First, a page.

I had the great pleasure of visiting Hong Kong this summer. It is one of my favourite cities and, being one of the world’s greats, I blithely assumed that its beer scene would match its cosmopolitanism.
Actually, hong kong’s beer scene is surprisingly tiny given the size and influence of the city itself. Also, the presence of western expats usually translates into some kind of commercial brewing scene. Not really so with Hong Kong.
I say that, but actually there is a small brewing scene that seems to be growing, so watch this space, because in a year’s time we may be singing a completely different tune.
I have not yet gotten to the bottom of exactly why Hong Kong’s beer scene doesn’t seem to match its level of cosmopolitanism. The only thing I can guess is that space is at a premium in Hong Kong, and the law there resides firmly on the side of the landlord. A lot of restaurants and cafes have trouble holding down their locations, and they move a lot. And while beer brewing isn’t necessarily a huge endeavour, it does take some space.
Getting down to the beer, I did manage to dig up a few extremely decent places for a beer in Hong Kong and one great bottle shop, which also services Hong Kong’s growing homebrewing scene.
Tipping Point Brewing Co
Situated right in Central on Hong Kong Island, Tipping Point is giving Hong Kong beer lovers a bit of hope for the city. This classic American-style microbrewery has a few tanks in the bar and serves only their own brews to suited westerners and beer lovers across a copper bar top. It’s a nice place and the beer has promise, though I found the samples I had to be lacking in a bit of sophistication (not unlike the beer I drank in Taiwan).
The Globe is a promising spot for beer lovers in Hong Kong. Though not a brewery, this is one of the best beer bars in Hong Kong, with a large all-around selection of worldwide brews. They do stock locally made beers, such as Young Master Ales (which had sadly run out when I was there), and lots of British, Pacific and a few American beers. The surrounds are good: comfy booths and a menu of British-inspired pub grub make it an easy place to throw back more than a couple.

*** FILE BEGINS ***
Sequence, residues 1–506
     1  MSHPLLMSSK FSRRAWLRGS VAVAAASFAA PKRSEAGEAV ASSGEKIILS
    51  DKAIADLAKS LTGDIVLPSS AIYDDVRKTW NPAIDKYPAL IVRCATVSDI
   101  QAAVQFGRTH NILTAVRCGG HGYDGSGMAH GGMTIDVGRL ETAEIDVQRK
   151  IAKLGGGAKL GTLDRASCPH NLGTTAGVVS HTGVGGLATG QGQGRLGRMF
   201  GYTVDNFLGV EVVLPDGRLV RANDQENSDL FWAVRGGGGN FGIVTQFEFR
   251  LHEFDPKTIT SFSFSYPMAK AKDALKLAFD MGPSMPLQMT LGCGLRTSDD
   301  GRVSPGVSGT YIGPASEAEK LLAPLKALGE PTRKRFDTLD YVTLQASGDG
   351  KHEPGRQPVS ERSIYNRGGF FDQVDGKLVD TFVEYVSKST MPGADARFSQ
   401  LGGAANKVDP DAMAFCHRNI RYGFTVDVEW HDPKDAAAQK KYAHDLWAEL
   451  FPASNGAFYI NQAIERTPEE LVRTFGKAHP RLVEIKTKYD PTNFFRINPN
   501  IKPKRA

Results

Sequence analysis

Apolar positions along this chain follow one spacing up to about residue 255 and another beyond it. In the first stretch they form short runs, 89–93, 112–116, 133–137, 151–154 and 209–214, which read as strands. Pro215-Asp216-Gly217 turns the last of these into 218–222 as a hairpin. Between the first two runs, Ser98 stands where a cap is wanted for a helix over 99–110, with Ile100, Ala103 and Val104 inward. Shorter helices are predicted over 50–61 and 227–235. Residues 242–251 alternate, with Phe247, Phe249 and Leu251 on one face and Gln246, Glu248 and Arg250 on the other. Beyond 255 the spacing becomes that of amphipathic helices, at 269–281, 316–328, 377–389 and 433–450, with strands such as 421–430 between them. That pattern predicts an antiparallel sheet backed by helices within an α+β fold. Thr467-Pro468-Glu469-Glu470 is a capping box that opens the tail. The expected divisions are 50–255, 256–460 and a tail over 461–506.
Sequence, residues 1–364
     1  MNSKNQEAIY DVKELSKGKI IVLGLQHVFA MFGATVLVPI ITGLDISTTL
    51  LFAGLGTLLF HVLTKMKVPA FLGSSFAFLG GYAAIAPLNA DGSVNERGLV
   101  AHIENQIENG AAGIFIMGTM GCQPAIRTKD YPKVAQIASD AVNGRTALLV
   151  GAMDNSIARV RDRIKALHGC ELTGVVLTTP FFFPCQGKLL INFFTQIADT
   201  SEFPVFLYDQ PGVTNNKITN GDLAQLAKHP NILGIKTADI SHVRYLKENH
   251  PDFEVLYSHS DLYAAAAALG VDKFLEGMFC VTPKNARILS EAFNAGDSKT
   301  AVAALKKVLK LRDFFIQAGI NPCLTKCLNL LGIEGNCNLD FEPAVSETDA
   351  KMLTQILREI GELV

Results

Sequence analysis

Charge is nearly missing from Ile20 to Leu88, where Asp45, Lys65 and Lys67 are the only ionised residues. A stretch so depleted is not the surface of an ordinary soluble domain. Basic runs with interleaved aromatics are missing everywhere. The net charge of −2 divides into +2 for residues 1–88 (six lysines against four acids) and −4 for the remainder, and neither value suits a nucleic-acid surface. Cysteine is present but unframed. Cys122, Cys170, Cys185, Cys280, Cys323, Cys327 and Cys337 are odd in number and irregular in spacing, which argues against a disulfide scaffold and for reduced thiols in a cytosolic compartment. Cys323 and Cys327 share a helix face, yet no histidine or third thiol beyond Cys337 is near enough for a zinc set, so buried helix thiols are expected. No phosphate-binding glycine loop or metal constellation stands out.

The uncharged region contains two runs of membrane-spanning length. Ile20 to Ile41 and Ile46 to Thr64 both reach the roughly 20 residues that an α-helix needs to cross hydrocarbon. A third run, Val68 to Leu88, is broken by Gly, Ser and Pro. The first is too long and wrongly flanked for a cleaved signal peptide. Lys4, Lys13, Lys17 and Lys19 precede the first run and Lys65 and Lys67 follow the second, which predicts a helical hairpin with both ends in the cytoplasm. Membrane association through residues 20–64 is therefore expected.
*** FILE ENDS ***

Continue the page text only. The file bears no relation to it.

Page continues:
image via the roundhouse’s facebook page
The Roundhouse claims to have been Hong Kong’s first taproom and still maintains one of the city’s largest set of taps: 25 in total. You’ll find some local brews from the likes of the aforementioned Young Master, as well as Hong Kong Beer Co and a heap of international brews from as far away as Japan, Norway and Scotland.
A few other Hong Kong beer bars I wanted to try but didn’t get time for: Hong Kong Brew House and its sister locations The Hop House and East End brewery, as well as Biere von Irene, a German bar in Yuen Long.
The Bottle Shop
If you want to know where any beer scene is headed, it’s best to check out its homebrewing scene. The Bottle Shop is Hong Kong’s mainstay for homebrewing supplies, and it also stocks a well-formed array of Hong Kong and international beers. If the Bottleshop is any indication, homebrewing is hugely popular in Hong Cong, which spells good things for the beer scene in the coming few years.
This is the best spot in the city to grab some souvenir bottles to bring home. They stock local Hong Kong breweries and also have a huge selection of Japanese beers, which can be harder to find in the west.
Drinking in Macau
Macau is so often a day trip or short trip from Hong Kong that I thought I’d tack on some info here about drinking in Macau. Unfortunately, Macau’s beer scene is, shall we say, sadly lacking. In fact, Macau has basically no beer scene. There is one beer local to Macau, the unimaginatively named Macau Beer, which is in point of fact owned and manufactured by Japanese brewing giant Kirin. It’s also not very good.
Macau’s nightlife is dominated by casinos, and if you’re not in casinos you’re either supping lovely Portuguese wine in a local Portuguese restaurant or swigging Macau beer with some street food on a cobbled laneway.
The most often touted beer bar in Macau is Mcsorley’s Ale House, an ‘Irish pub’ inside the Venetian with all the atmosphere of an airport bar and virtually no craft beer options whatsoever, but a lineup of top-40 hits on the taps. One better is the Old Taipa Tavern on Taipa, which doesn’t feature craft beer but you can score a bottle of super bock, which goes down well in the open-air bar or sidewalk seats.
Your best bet for drinking in Macau if you want to avoid the casinos is to aim not for beer but wine or cocktails. Macau Soul is a homey wine bar with a great selection of Portuguese wines and small sharing plates. Cheche Cafe (70A Rua Tomas Viera) is the closest thing Macau gets to a hipster hangout; it does artisanal cocktails and has a cool but laid-back vibe.